As Senator Claiborne Pell, D-R.I., recently told Senate colleagues, the environmental provisions of the Code "would make an invaluable contribution to international environmental protection, an issue that should be a priority for the United States and the international community." Paragraphs 43, 44, and 45 of the Code discuss environmental cleanup, disclosure of harmful effects and international cooperation respectively. Paragraph 43 says that TNCs should take steps to protect the environment "and where damaged to rehabilitate it." Paragraph 44 mandates that corporations disclose information about the content and potential dangers of their products to host country authorities. For example, if a product has been banned elsewhere for environmental reasons, that information must be made available to host-country authorities. Such a disclosure provision could help prevent TNCs from dumping the industrialized world's toxic wastes in the Third World.

The consumer protection clauses contain similar requirements pertaining to prohibitions and disclosure. One provision stipulates that corporations should produce and market their products according to international safety and quality standards. This is intended to reduce injuries and lessen the likelihood of low-quality goods being dumped in markets which lack regulatory systems. Corporations would also be encouraged to supply information on prohibitions or warnings imposed in other countries, the contents of products and possible hazardous effects.

The Code also includes guidelines governing the treatment of TNCs by host countries. Among the most significant of these is that TNCs should receive fair and equitable treatment in foreign countries. Such provisions will help gain U.S. support for the code.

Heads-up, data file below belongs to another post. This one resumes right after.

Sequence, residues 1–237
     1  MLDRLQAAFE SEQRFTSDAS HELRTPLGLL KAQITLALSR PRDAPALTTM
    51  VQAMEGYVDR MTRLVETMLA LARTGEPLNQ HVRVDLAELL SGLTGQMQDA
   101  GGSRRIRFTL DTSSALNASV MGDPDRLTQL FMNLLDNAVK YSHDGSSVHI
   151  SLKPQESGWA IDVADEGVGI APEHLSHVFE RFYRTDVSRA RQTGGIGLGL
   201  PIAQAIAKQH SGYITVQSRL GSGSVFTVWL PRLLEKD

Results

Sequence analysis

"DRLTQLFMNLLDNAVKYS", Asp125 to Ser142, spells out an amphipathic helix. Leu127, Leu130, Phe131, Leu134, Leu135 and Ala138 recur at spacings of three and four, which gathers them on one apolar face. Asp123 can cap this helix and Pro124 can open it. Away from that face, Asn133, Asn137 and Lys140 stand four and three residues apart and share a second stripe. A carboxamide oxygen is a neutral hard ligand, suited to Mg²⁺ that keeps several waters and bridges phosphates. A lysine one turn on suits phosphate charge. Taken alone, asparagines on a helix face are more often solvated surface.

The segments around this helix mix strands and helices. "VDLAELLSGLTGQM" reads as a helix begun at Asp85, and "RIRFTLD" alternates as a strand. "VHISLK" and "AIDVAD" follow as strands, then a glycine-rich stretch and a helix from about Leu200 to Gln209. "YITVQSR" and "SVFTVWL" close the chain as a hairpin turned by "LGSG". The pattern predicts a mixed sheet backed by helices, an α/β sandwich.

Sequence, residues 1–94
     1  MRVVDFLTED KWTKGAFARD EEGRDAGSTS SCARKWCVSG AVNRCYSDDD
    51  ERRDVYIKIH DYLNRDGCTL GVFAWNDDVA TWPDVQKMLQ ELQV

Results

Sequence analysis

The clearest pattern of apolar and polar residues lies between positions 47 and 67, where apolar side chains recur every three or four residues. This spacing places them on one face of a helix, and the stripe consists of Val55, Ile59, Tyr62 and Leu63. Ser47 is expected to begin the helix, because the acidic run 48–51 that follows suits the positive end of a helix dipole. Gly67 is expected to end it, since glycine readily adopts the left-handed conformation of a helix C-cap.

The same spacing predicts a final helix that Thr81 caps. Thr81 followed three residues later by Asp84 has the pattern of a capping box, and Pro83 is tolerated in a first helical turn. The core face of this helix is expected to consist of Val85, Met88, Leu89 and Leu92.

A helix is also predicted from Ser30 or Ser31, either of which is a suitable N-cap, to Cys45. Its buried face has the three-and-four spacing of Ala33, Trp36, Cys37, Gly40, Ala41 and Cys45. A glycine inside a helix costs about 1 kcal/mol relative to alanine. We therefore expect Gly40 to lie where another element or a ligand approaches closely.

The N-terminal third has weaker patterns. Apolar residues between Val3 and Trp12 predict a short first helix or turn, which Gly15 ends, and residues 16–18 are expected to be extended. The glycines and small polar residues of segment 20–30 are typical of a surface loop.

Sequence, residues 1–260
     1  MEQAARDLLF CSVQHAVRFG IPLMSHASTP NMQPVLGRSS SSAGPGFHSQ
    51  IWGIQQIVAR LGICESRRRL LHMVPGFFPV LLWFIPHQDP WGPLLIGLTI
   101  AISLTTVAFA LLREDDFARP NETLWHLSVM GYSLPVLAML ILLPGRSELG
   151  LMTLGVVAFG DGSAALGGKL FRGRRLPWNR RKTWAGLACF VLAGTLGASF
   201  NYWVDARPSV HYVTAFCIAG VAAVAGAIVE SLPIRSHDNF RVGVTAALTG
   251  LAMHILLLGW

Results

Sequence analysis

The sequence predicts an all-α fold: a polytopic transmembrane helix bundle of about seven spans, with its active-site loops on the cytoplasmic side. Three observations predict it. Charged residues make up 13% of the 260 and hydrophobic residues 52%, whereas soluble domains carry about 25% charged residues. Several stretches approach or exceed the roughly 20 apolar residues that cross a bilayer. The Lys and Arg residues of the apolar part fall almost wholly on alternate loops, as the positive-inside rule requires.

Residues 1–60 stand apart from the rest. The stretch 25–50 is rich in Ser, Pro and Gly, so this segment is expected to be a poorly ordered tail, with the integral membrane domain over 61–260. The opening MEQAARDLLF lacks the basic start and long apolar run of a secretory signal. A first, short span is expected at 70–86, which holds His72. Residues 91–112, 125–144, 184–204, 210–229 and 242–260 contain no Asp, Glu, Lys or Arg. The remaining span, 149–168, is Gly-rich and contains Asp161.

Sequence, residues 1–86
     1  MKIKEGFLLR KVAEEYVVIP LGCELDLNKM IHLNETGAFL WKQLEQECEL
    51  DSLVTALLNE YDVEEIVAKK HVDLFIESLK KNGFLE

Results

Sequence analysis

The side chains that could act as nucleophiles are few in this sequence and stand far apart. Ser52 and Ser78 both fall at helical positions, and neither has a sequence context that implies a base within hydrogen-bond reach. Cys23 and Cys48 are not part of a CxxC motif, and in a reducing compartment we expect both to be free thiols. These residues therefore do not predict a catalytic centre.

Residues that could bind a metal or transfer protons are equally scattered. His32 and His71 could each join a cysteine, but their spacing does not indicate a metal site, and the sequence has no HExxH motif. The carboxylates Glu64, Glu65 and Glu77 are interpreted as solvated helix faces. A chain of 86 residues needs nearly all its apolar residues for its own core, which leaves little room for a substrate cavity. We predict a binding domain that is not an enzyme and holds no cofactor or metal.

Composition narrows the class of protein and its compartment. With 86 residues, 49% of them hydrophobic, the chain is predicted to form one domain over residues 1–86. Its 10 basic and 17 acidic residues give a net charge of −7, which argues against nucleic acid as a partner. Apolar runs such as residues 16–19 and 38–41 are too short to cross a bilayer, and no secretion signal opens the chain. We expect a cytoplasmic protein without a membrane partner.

Although there is agreement on much of the Code, the United States and its business allies remain intransigent on a few elements. The most significant unresolved issues relate to international law, nationalizations and third-party settlement of disputes.

Much of the disagreement that exists between the Western countries and the Third World countries is rooted in the colonialist legacy. The developing countries are suspicious of submitting to legal and institutional structures created by, and for the benefit of, the industrialized nations.

The semantics of a reference in the Code to international law is a case in point. The latest version of the Code defers to Western interests by using the language that "States shall fulfil, in good faith, their obligations under international law." The wording of this provision is vigorously opposed by the G-77, a representative body of about 130 developing countries. These countries prefer the term international obligation instead of law because they perceive the international legal structure as a product of Western interests. The less-defined "international obligations," according to the G-77, takes into account the inequities which exist in economic relations between North and South. Some observers, however, consider the linguistic debate overblown. Seymour J. Rubin, the first U.S. Representative to the U.N. Commission on TNCs and a noted expert on international law, says, "While it would be useful to have explicit reference in the Code to 'international law' rather than 'international obligations' as a standard, I believe that the difference is neither clear nor vital."